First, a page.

The English Moralists
This book has emerged from a course of lectures which the author gave, as he rather dauntingly informs us in the Preface, for more than thirty years in the University of Cambridge. The course of lectures and the examination paper that it serves were conceived at a time—as Willey mentions—when the remnants of a pure aestheticism made it less than fashionable to attempt to relate literature and morality. They continued—though this he does not mention—through a period when his colleague in Cambridge, F. R. Leavis, was indeed relating literature to morality, but in a way that still gave little scope to the reflective history of moral ideas: the morality to which Leavis relates literature is a morality, a particular kind of outlook which, being identified with the essence of creative literary sensibility itself, becomes the basis of a peculiarly timeless kind of criticism.
Thus Willey, in more than one climate of opinion, has kept alive the connections between the study of English literature and the history of ideas. From his efforts there has come a string of sturdy and not unworthy books: the Seventeenth and Eighteenth Century Backgrounds, the Nineteenth Century Studies. They, too, got some of their matter from this persistent course of lectures, and the lecture-room tone, it must be said, is often present in their helpful summaries of reported writers. Now, in the year of his retirement from the King Edward VII Chair of English Literature, Willey has cleaned up the rest of his accumulated notes and published them as The English Moralists, both as a memorial of the years’ activities, and with the hope (typical of a certain Cambridge introversion) that the book may help his successors, “if only as a historical atlas or as an awful warning,” in guiding the future course of these same lectures.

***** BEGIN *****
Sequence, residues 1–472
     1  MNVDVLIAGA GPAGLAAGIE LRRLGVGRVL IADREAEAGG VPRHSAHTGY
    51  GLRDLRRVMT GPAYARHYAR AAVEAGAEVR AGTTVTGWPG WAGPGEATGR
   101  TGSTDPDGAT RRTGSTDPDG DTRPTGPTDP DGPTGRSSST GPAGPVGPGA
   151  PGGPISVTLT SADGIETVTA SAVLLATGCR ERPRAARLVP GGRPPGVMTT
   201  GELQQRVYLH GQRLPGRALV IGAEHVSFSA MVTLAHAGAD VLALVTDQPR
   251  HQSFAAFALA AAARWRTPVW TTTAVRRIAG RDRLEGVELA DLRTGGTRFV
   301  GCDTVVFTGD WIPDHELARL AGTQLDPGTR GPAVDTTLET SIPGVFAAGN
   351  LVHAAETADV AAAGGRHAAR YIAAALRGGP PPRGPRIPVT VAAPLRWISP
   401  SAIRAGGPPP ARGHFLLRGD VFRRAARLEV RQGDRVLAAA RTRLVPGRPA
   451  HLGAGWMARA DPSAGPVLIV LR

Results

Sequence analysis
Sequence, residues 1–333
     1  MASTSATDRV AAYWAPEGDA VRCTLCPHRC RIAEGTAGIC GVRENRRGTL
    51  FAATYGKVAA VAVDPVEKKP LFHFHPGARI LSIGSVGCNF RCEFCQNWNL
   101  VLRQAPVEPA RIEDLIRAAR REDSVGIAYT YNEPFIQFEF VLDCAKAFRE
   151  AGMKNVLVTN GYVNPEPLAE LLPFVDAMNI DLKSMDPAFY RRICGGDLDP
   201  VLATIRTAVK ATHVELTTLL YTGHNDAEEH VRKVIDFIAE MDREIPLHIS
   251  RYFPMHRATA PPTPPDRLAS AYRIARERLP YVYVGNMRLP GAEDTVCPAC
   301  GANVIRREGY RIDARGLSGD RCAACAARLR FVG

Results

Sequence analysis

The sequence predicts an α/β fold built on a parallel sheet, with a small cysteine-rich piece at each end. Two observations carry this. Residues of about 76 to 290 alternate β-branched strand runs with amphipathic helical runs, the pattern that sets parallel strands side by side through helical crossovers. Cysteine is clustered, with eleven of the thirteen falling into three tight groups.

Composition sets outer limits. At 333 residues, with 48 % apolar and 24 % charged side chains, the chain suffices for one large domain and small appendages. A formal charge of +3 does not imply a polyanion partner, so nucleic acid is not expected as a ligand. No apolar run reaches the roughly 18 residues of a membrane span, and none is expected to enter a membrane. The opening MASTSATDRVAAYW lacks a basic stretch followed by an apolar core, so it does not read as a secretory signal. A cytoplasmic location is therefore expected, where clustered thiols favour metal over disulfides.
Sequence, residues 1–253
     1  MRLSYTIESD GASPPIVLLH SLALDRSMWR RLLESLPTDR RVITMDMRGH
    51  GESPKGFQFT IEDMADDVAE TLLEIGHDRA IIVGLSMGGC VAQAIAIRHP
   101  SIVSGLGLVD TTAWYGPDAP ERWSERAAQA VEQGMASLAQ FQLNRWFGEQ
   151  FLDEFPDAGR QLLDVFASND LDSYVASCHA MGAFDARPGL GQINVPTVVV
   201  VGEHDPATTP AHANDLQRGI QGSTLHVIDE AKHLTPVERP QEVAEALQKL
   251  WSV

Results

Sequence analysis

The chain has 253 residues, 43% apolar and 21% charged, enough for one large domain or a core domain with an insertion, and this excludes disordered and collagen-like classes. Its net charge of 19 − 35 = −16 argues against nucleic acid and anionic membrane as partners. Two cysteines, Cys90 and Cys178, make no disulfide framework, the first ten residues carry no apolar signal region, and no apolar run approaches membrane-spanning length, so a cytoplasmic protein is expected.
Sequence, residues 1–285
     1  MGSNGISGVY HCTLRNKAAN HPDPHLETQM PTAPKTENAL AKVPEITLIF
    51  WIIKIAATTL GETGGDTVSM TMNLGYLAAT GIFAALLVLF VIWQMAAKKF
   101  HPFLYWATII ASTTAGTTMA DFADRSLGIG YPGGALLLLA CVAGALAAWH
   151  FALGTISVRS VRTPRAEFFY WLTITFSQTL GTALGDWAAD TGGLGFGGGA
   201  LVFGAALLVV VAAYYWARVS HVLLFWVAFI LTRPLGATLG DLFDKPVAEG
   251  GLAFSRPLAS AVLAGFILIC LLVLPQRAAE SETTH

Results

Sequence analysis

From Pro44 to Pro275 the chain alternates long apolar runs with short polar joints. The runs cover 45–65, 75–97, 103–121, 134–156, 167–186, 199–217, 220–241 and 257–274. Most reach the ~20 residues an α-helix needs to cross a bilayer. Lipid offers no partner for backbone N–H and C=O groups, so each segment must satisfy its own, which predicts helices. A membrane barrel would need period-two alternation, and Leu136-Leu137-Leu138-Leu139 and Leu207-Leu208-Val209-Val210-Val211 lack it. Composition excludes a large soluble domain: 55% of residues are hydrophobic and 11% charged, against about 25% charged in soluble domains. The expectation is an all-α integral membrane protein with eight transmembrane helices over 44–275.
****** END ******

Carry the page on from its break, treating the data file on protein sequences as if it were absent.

It would be ungracious of Willey’s successors, whoever they may be, to take him up too peremptorily on the second, at least, of these proferred interpretations. Yet perhaps it will be better if they do. There is, very obviously, no recipe for valuable writing in the history of ideas, no substantial maxims to make sure that what is written will be helpful or illuminating. But there are at least a few crude necessary conditions that one may look for, such as accuracy (to a reasonable degree) and absence of prejudice (of an unreasonable sort), and these conditions Willey satisfies only intermittently. This is because there are two substantial matters which, in quite different ways, he has not got under control: philosophy and Christianity.
Philosophy he puts down right at the beginning with some bravado:
The “English Moralists” paper has been criticized as “amateur moral science,” but I find it difficult to take that criticism seriously. It has been demonstrated over and over again that the “history of ideas” is not something which people with a literary training cannot grasp. They do not need to be professional philosophers in order to attain such knowledge, or …
This article is available to online subscribers only.
Please choose from one of the options below to access this article:
Purchase a print premium subscription (20 issues per year) and also receive online access to all all content on nybooks.com.
Purchase an Online Edition subscription and receive full access to all articles published by the Review since 1963.